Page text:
New UN aid chief rethinks stranded Yemen tanker mission

Martin Griffiths says it is time for new approach to repair oil tanker off rebel-held coast

FILE - In this July 1, 2019 file photo, United Nations Special Envoy to Yemen Martin Griffiths speaks during his meeting with Russian Foreign Minister Sergey Lavrov in Moscow, Russia. The outgoing special envoy for Yemen expressed “deep regret” to the U.N. Security Council on Tuesday, June 15, 2021, that he failed to mediate a cease-fire and peace talks between Yemen's warring parties during the past three years. But Griffiths said he hoped that diplomatic efforts, especially by Oman, “will bear fruit" despite painting a bleak picture of the Arab world’s poorest country in his final briefing to the council. (AP Photo/Pavel Golovkin, File)

The UN’s incoming aid chief, Martin Griffiths, on Tuesday said he was considering new ideas for a long-delayed mission to repair an oil tanker stranded off Yemen that could soon spill its load into the Red Sea.

Mr Griffiths, who will soon finish his three-year stint as UN peace envoy to Yemen and replace Mark Lowcock as the body's head of humanitarian affairs, said it was time to break a deadlock with the Houthi rebels who control access to the FSO Safer tanker.

The 45-year-old vessel, which has been stranded eight kilometres south-west of Ras Isa oil terminal since 2015, could rupture at any time.

Such an event could spill 1.1 million barrels of oil and cause a maritime disaster that would be four times worse than the 1989 Exxon Valdez spill off Alaska.

“In my next job, I’m going to have to take a more accountable role on this … we should also look at what are the options facing us, because this is an endless round of frustration,” Mr Griffiths said.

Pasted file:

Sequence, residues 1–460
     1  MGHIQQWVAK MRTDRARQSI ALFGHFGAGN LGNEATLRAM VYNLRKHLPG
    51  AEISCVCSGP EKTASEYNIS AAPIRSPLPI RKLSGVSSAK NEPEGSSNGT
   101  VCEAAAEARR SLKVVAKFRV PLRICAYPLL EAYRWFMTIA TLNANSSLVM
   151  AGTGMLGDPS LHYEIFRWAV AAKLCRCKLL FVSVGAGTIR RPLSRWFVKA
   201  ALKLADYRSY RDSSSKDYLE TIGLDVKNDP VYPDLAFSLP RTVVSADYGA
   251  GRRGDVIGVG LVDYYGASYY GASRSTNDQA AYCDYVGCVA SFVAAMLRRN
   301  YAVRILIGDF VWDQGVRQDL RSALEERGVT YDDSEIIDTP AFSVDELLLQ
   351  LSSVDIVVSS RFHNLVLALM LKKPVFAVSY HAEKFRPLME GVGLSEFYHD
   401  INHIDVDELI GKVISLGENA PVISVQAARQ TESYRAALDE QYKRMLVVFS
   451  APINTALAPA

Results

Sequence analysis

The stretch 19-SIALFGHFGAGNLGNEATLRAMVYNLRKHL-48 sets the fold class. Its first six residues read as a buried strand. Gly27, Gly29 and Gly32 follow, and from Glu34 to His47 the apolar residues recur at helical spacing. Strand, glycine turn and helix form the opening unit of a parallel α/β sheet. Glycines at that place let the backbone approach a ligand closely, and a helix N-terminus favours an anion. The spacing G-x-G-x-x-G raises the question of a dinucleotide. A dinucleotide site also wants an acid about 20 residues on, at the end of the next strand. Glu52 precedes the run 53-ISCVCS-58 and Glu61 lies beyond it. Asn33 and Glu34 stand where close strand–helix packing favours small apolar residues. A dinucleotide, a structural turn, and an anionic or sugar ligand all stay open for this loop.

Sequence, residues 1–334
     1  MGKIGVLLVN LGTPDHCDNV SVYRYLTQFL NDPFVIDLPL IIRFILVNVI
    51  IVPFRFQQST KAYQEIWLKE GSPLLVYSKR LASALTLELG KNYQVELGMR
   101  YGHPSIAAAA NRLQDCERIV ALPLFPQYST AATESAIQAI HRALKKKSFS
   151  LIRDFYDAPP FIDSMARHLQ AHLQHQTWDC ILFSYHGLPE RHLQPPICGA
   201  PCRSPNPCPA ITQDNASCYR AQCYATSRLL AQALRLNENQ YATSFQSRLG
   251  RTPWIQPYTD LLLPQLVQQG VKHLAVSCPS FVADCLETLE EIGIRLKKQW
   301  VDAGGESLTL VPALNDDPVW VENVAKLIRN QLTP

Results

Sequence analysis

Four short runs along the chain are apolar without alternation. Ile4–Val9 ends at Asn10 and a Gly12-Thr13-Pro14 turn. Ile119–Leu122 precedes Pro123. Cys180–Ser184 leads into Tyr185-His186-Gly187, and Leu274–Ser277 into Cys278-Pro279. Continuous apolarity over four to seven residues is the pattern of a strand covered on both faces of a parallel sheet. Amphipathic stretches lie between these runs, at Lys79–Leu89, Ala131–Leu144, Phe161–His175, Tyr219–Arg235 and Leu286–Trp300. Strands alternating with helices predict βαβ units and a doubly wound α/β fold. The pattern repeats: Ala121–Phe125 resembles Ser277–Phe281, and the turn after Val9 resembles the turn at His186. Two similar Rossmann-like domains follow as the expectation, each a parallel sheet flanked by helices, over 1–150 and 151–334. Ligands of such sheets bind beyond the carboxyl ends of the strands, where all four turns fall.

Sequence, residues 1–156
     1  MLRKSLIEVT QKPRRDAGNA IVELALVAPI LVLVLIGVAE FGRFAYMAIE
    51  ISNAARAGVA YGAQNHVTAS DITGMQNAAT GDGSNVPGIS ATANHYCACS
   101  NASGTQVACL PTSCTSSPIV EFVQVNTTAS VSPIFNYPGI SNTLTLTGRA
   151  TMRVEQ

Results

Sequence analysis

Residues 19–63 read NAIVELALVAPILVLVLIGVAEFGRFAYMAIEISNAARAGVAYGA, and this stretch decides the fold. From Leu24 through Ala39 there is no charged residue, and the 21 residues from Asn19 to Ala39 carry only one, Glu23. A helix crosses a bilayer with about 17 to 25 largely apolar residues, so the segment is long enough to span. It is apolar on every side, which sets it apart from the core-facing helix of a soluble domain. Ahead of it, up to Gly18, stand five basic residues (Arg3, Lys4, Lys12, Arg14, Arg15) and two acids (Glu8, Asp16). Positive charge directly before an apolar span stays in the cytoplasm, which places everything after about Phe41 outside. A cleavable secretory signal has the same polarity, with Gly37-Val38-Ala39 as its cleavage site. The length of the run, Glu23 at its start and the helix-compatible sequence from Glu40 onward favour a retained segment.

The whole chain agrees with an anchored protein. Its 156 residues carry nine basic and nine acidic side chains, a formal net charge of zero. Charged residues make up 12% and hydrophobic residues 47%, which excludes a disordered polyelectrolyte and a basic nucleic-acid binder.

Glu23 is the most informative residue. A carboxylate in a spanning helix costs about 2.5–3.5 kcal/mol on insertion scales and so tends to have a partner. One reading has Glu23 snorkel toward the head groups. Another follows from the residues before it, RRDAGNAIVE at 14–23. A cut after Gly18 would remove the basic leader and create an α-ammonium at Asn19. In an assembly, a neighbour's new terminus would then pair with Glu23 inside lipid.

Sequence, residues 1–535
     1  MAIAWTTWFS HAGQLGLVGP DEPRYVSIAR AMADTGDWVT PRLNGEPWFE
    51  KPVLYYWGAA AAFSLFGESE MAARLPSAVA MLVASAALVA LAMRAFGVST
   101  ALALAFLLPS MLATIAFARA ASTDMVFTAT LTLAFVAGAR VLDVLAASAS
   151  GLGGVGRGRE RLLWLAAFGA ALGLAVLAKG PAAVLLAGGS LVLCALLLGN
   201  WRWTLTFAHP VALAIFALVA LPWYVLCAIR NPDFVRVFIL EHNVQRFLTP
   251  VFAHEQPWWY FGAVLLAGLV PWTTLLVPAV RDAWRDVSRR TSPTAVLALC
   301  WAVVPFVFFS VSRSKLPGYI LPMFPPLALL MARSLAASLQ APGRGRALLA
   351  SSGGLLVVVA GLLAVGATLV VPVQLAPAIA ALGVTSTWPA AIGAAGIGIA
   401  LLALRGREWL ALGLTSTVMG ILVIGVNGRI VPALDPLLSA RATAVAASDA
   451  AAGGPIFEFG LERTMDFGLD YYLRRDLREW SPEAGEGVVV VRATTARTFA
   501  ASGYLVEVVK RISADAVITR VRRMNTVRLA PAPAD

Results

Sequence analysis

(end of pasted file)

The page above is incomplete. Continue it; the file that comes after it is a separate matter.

The Iran-backed Houthi rebels approved the UN mission in November, but later changed their minds.

The UN wants engineers to inspect the vessel, carry out light repairs and return later for a more comprehensive job.

But the Houthis want all repairs completed during the first visit, Mr Griffiths said.

This month, UN aid officials said the mission was running out of money because the date had been pushed back so many times.

“You'd be stupid if you didn't look over the horizon and say, ‘Is there a better way to do this?’” Mr Griffiths said.

Iranian officials have offered a “replacement tanker” to satisfy Houthi demands for fuel access, Mr Griffiths said.

“Commercial private sector efforts” offered a “different way” to fix the vessel, although he did not provide details as to how this might be done.

Any major oil spill would hurt tourism, fishing and desalination plants in Yemen, Saudi Arabia, Israel, Jordan, Egypt, Sudan, Eritrea and Djibouti, and impede a shipping lane through which about 10 per cent of global trade travels.

Analysts say the Houthis want the FSO Safer in place to profit from its cargo and future oil sales as well as to increase the risks for any seaborne assault by foreign forces.

Experts are divided on the best way to circumvent Houthi foot-dragging, repair the tanker and avert the looming environmental crisis.

Former UK foreign minister Sir Alan Duncan and Ian Ralby, chief executive of IR Consilium, a maritime security consultancy, are calling for a UN-authorised repair mission backed by western military.

But environmentalists say such a move is too risky.

Britain's UN ambassador Barbara Woodward on Tuesday said that the "perilous situation" off Yemen's coast was "no closer to being made safe".

"This issue is in the gift of the Houthis to deliver," Ms Woodward told the UN Security Council.

"We have heard that a worst-case scenario could put 670,000 lives at risk and take decades to clear.

"Rather than hiding behind endless bureaucratic hurdles, the Houthis must engage substantively to avoid a potential disaster."

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